Friday, April 8, 2011

The straw

I am sitting in the observation area for parents at the swimming pool. The Moose is sitting at the side of the pool. He's upset about the change in his swimming class day from Monday to Friday- same pool, same group of teachers, but new kids. One too many new things in a week: one day he was in America, the next Japan; one day on vacation, the next in shogakko elementary school. Admittedly, he has handled the transition to school this week with grace so I should not be surprised his stress pops up the last day of the week in the new swimming class. Sitting here watching him is painful. He is my zen master reminding me that we live life too fast- hurry, hurry, and what? We all need to slow down- just because we can do it fast and crazy, doesn't mean we should. I want him to try, but I cannot make him. My husband advises me to let this one pass in a week of so many new hurdles.

Beginnings come upon us not so much as new things but as our awareness of our need to participate in them. To begin means we must make an effort. To make an effort we must put forth ourselves. It is scary at times to put forth ourselves and not know what will come of it, but it is necessary. I love that first shaky step into the unknown- the amount of courage I have to summon to do it, but I understand hesitation too. Inside we have to have something to draw from. When you are young, these resources are not as developed; sometimes even when we are older.

At the classroom meeting yesterday, the sensei said many parents worry about relations between the student and the teacher. The teacher said in a rough translation, "It is more important that the children have fun and learn to help each other. If they don't understand something, they should first ask their classmates." Thinking on my life in Japan and all the help it takes to live it, I know what the sensei means. By opening myself up to this experience of living in Japan and sending my children to Japanese schools, I had to ask for help. Amazingly, friends appear especially in my greatest moments of need. I am blessed, but it broke me open; it was no easy task to ask for help. Sometimes we give and sometimes we receive. I am glad the lesson at school is help each other first and then seek authority as in the teacher later. In the aftermath of the earthquake, tsunami, nuclear reactor disaster, and then the voluntary departures of military families, many people are frustrated by vague answers and open ended plans. Inner resources must provide our calm in the face of the unknown. The earth changes, plates moves, and disruption is. Handling that is no easy task. Handholding by the authorities is not realistic. We turn to each other: friends, neighbors, and family, to get us through, and we dip inward. This is as natural as what the first grade teacher seeks to instill in his pupils. It is a relevant lesson- start with your friends and have fun.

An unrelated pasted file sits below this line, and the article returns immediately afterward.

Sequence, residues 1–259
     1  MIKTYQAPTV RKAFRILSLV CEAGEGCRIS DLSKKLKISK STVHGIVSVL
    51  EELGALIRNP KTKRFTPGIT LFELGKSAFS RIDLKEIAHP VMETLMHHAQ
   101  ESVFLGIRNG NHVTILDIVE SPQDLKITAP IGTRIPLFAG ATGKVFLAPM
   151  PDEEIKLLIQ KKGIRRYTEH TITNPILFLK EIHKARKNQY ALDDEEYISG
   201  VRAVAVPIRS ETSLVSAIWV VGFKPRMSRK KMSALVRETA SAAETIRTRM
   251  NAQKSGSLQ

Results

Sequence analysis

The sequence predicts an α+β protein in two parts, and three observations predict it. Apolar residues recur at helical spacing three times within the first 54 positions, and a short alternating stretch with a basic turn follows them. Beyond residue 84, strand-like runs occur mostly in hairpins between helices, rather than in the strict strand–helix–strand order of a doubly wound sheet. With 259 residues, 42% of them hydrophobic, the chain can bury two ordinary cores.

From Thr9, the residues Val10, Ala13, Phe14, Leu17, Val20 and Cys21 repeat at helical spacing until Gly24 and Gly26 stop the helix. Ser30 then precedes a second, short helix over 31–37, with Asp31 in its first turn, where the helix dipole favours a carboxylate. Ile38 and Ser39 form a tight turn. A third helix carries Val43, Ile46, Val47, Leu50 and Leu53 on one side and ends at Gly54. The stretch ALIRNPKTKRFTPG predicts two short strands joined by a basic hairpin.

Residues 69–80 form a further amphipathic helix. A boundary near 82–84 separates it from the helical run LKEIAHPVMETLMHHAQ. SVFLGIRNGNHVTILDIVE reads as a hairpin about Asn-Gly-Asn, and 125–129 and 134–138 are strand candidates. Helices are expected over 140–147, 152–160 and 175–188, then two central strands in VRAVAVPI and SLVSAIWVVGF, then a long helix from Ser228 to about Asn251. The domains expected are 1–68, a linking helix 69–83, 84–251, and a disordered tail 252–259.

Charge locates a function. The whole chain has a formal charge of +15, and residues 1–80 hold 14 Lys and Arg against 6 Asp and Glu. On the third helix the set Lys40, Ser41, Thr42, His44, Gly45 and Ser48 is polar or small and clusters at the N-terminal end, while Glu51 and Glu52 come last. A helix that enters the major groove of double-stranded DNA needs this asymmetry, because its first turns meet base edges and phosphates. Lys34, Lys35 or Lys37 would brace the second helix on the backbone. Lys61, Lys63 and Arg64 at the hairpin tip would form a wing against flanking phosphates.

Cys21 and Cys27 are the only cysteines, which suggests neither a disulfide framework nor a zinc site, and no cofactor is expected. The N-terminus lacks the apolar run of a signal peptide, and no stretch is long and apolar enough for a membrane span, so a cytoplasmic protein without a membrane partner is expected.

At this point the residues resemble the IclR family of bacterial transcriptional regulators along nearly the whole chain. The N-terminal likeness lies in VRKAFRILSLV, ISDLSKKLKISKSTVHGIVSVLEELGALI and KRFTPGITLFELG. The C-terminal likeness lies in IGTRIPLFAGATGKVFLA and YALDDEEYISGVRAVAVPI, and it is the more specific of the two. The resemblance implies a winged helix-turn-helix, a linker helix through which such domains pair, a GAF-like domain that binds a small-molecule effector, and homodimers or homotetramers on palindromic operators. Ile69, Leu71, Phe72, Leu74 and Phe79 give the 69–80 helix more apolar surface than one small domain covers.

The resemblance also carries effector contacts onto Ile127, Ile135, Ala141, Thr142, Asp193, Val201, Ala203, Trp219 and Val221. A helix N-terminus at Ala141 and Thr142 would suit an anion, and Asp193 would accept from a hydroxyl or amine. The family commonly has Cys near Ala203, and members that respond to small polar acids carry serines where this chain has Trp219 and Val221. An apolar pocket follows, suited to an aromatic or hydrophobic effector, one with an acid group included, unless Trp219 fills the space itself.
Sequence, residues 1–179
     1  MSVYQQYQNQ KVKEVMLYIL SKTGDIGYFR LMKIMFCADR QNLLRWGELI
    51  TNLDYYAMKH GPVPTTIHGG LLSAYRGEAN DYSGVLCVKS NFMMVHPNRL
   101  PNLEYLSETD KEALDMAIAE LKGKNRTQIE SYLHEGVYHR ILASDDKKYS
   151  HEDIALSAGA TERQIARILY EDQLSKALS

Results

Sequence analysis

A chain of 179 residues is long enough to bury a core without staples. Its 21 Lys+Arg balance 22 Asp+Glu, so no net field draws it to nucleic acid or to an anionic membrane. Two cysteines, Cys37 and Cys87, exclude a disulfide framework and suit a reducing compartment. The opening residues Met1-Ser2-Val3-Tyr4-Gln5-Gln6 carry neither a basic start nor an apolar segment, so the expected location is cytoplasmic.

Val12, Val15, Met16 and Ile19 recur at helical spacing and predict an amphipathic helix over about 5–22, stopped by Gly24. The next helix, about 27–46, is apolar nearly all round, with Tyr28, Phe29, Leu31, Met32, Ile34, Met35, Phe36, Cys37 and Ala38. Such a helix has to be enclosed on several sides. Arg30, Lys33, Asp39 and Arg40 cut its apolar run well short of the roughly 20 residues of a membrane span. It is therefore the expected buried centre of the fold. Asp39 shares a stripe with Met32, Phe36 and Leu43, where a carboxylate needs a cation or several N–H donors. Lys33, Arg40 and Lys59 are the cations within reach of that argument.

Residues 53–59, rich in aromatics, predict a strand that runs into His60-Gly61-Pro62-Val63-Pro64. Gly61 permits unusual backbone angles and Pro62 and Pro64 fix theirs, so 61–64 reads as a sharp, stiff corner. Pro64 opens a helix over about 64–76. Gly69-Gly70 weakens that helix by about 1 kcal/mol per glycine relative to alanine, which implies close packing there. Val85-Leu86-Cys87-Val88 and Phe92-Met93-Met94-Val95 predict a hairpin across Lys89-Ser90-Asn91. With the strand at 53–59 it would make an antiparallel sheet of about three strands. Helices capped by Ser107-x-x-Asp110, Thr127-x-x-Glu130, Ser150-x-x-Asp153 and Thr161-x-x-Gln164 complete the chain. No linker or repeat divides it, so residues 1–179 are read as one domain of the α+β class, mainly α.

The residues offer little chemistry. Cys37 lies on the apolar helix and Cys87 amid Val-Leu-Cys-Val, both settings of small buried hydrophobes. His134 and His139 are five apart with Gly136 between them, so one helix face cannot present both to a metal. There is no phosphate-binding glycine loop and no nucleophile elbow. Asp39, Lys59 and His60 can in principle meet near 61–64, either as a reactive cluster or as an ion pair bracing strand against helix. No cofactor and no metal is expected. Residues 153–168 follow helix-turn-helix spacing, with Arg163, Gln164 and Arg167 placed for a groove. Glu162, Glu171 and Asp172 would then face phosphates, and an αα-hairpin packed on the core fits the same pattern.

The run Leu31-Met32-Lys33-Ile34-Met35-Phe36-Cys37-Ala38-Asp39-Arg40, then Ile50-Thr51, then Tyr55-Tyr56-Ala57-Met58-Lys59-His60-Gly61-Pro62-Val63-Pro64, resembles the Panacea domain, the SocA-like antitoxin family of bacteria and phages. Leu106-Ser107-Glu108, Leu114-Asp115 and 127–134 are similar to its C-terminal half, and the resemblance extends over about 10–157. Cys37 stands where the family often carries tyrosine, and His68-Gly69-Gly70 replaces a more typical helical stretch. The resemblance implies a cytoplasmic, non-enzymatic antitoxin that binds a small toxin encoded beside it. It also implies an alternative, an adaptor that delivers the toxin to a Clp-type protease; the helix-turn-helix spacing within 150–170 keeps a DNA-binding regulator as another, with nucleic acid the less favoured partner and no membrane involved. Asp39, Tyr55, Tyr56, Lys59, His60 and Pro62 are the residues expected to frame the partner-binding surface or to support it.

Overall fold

The school meeting of new first grade parents included a list of the tallest buildings in Kamakura as well as how many people they can hold. I was impressed by these details. The point is to go up fast since this is a beach town. There were lots of other details, but clearly emergency planning feels relevant to everyone here. Parents were instructed not to call during disasters as the staff needs to focus on the safety of the children, and no one flinched. Parents just need to come.

The Moose did get around to swimming in his new class; it took twenty minutes. I chose to emphasize what he did do. At home I made some pizza, and he asked me to, "play Ravi Shankar so the ninjas can meditate." He lined up his Lego ninjas in sitting position behind their Sensei. He sat facing them while the chant played. Later, when we ate pizza- the Munsters had lemon soda; I had a gin & tonic.

1 comment :

  1. When all else fails, G&Ts do calm the savage soul. :) This essay is an interesting insight into Japanese society. I am glad your kids are getting this experience--what a great school! In my experience teaching, though, the Japanese children I encountered were overly dependent on the teacher to do everything for them. Like in the US, I heard horror stories from my Japanese public school teacher friends who are expected to be both teacher and parent but no longer garner the respect they did many years ago. I had MANY discipline problems with the kids I taught...not a lot of motivation to learn and to think independently. Lots of attitude when asked to produce. And boy, do they not like or respond to being "corrected".


All comments are moderated & word verification is on to check for humans: